— “Scrooge” (1970)

  3. 3 Brooks

    Another gay recluse in Washington Heights here, struggling daily with a nearly identical inner monologue.

    Years ago, while digging through used books at The Strand, a ’50s detective novel caught my eye. The plot synopsis on the back cover read: “It started in a sunny kitchen…and ended in a pool of blood!” Isn’t that a great metaphor for life?

    It all just is what it is. We fade in…lurch about…fade out…and don’t none of it make no nevermind. The source of our terrors is the gap between things as they are, and things as we wish they could be. The gap widens as we get older, unless we get clear and sane and steely about it.

    “Indispensable condition for spiritual fulfillment: to have always placed the wrong bet.”
    — E.M. Cioran

    Yes…..sigh.

    While waiting for sane, steely clarity to kick in, I’m hoping to win that $75,000,000 Powerball so that I, too, can live below 96th Street. (I moved to the Heights thirty years ago!)

    Love your writing. Hang in there, kiddo.

  4. 4 kirsten

    A few months ago I went to a taxes for artists session that was given by a man who switched from being a photographer to a CPA. We got to talking afterwards and he said that the grinding usesless of earning money via weddings and then low paying artistic gigs finally wore him down. He wanted a real life. “Sounds like a great idea,” I said. “But no,” he said, “look at you, you chose to stick it out with writing.” Without thinking about it I said, “This wasn’t a choice. I had no choice. In no way did I choose this–it chose me.” The thing is, if you had practiced law and made a lot of money but this chose you anyway, it would be waiting for you every day of your life–it would be at the foot of your bed in the morning and sitting on your chest in the evening. At least let yourself off the hook about choosing.

  5. 5 c.

    Commenter “Brooks” writes:

    “The source of our terrors is the gap between things as they are, and things as we wish they could be. The gap widens as we get older, unless we get clear and sane and steely about it.”

    How eloquent an observation on the conundrum of Expectations.

    And oh my, yes, how the gap has widened.

  6. “Few people in mid-life really know how they got to be what they are,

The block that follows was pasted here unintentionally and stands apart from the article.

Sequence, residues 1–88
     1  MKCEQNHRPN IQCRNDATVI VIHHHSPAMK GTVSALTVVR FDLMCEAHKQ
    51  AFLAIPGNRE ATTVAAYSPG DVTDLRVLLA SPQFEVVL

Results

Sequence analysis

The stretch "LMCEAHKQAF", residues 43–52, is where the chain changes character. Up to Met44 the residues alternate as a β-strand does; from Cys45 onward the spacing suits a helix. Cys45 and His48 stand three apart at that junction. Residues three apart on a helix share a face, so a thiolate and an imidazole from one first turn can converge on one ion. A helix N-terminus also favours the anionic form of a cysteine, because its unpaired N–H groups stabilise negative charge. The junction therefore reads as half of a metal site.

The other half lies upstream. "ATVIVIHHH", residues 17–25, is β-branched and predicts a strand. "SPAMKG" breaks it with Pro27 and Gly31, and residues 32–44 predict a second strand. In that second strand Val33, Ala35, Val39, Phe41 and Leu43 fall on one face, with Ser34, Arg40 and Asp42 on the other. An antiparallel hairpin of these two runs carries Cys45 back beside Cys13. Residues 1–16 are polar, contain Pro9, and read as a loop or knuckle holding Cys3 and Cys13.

how they came by their pastimes, their outlook, their wife, their
    character, profession, and successes, but they have the feeling that
    from this point on nothing much can change. It might even be fair to
    say that they were tricked, since nowhere is a sufficient reason to be
    found why everything should have turned out the way it did; it could
    just as well have turned out differently; whatever happened was least
    of all their own doing but depended mostly on all sorts of
    circumstances, on moods, the life and death of quite different people;
    these events converged on one, so to speak, only at a given point in
    time. In their youth, life lay ahead of them like an inexhaustible
    morning, full of possibilities and emptiness on all sides, but already
    by noon something is suddenly there that may claim to be their own
    life yet whose appearing is as surprising, all in all, as if a person
    had suddenly materialized with whom one had been corresponding for
    some twenty years without meeting and whom one had imagined quite
    differently. What is even more peculiar is that most people do not
    even notice it; they adopt the man who has come to them, whose life
    has merged with their own, whose experiences now seem to be the
    expression of their own qualities, and whose fate is their own reward
    or misfortune. Something has done to them what flypaper does to a fly,
    catching it now by a tiny hair, now hampering a movement, gradually
    enveloping it until it is covered by a thick coating that only
    remotely suggests its original shape…” (Robert Musil)